Director: Kristoffer Nyholm
Cast: Gerard Butler, Peter Mullan, Connor Swindells, Ólafur Darri Ólafsson, Gary Lewis, Søren Malling
Runtime: 1 hr 47 mins
Rating: NC-16 (Coarse Language and Violence)
Released By: Shaw Organisation
Opening Day: 17 January 2019
Synopsis: From the producers of HACKSAW RIDGE comes THE VANISHING, starring Gerard Butler, Peter Mullan and Connor Swindells; a thrilling tale inspired by a true, unsolved legend, the Flannan Isle mystery... On an uninhabited island, 20 miles from the rugged Scottish coast, three lighthouse keepers arrive for their six-week shift. As they settle into their usual, solitary routines, something unexpected and potentially life-changing occurs – they stumble upon something that isn’t theirs to keep. Where did it come from? Who does it belong to? A boat appears in the distance that might hold the answer to these questions… What follows is a tense battle for survival as personal greed replaces loyalty – and fed by isolation and paranoia, three honest men are led down a path to destruction.
Originally titled ‘Keepers’, ‘The Vanishing’ is based off the true story of three lighthouse keepers who disappeared from a Scottish isle in 1900. Till today, no one really knows what happened to these three men (although the theories that abound include them being murdered by pirates), so much as it is inspired by real events, this is necessarily a work of fiction.
That starting point could have been ripe for any sort of mystery thriller, but in the hands of writers Celyn Jones and Joe Bone, we are instead served with ‘A Simple Plan-like’ scenario where the unexpected discovery of riches quickly leads to greed, violence and paranoia. Even so, you shouldn’t expect a gripping tale full of twists and turns; instead, it is pretty much a bare-bones melodrama, jazzed up with some nice atmospherics by Danish director Kristoffer Nyholm.
To Nyholm’s credit, he tries to craft a compelling character study of our three protagonists. Thomas (Peter Mullan) is a crusty widower who has lost his wife and children under miserable circumstances, and wears his bereftness on his sleeves. James (Gerard Butler) is an affable family man who needs the work, and whose fatherly instincts make him the guardian of their young apprentice Donald (Conner Swindell). Not only is he new to the trade and therefore needing to learn the ropes, Donald is clearly out of his depth even before things go bad for them.
But after setting up these characters, the circumstances that test these individuals are sadly less than compelling. There is strong promise at the start, when the three men find an apparently dead man and his rowboat washed up in a crevasse the morning after a storm – turns out the man isn’t so dead after all, and after a brief but intense tussle, they retrieve his wooden trunk that they find is filled with gold bars. As David’s murderous act strains him mentally to breaking point, two of the dead man’s shipmates arrive looking for their friend and his treasure, leading to an even bloodier confrontation that leaves all three of them struggling thereafter with the psychological repercussions of their own actions.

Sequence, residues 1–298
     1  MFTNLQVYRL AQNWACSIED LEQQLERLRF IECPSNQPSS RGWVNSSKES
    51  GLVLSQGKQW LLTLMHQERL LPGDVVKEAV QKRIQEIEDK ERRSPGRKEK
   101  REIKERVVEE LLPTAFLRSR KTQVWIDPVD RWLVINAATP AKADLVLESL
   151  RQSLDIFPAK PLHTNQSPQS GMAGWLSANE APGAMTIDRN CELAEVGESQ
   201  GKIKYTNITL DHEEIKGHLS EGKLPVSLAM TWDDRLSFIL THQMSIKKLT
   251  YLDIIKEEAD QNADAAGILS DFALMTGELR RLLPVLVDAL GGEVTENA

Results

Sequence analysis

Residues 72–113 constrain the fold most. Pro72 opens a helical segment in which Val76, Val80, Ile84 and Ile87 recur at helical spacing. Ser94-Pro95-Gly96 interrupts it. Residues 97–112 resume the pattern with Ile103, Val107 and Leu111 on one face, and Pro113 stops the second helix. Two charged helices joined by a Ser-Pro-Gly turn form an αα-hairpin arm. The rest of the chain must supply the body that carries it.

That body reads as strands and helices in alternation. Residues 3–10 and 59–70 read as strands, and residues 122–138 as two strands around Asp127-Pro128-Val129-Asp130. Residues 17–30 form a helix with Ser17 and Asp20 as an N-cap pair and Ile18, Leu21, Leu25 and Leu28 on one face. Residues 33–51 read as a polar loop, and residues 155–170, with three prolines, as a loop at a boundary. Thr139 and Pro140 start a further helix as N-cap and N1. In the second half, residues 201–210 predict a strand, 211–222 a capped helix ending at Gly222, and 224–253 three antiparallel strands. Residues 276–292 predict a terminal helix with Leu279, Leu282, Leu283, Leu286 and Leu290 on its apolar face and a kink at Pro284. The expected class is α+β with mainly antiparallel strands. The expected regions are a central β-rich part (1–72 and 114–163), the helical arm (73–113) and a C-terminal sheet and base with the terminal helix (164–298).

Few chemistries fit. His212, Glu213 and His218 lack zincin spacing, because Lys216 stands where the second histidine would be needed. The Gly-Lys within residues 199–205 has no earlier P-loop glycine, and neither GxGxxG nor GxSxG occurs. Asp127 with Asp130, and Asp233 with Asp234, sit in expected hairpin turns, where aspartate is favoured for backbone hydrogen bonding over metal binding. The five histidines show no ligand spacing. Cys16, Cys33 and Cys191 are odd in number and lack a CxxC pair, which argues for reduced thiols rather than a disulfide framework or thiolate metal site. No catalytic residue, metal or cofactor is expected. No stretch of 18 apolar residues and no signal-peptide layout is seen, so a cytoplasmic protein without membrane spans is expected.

Try as he does to build tension and suspense throughout these events, there is only so much Nyholm can do with a script that is frankly too spare for its own good. David’s meltdown is more convincing because of how his character has been set up in the first place, but James’ similar predicament is much less persuasive, especially when we are supposed to be led to believe that he will be traumatised to the point that his fear and distrust gets the better of him. The last act pretty much hinges on us buying into that, and it doesn’t help that the build-up is devoid of much excitement or urgency.
Pity then that the actors do put in great work which makes the best out of the much-to-be-desired characterisation. Mullan effectively underplays his role as their elder leader whose attempts at keeping them together come off to increasingly little avail. Swindell makes a memorable debut playing the callow youth who is the first among them to come apart, but sobers up when James becomes even more unhinged. And last but not least is Butler, who demonstrates his impressive dramatic chops portraying his character’s unravelling at the bloodshed of his own doing. Lest we think Butler is only good for playing the hero in well-made but effectively B-grade action movies, his performance here shows the Scottish actor rising to the occasion when the role calls for it.
Or it could also be the fact that Butler was a lot more committed to this movie than he is to his usual action fare, seeing as how his own production company is behind it. Having grown up in Scotland and heard the tales about Flannan Isle must have inspired him to turn it into a tale of mystery and suspense, but ‘The Vanishing’ ultimately falls short because of its scant plotting. Otherwise, Nyholm does a fine job turning this into a moody and atmospheric piece, complemented by strong performances all around; and for those reasons, we’d say this is still worth a watch before it vanishes (we suspect quickly) from the cinema.
(Depending on how patient you are, this based-off-a-true-story crime melodrama is either suspenseful and atmospheric, or slow and ponderous)
Review by Gabriel Chong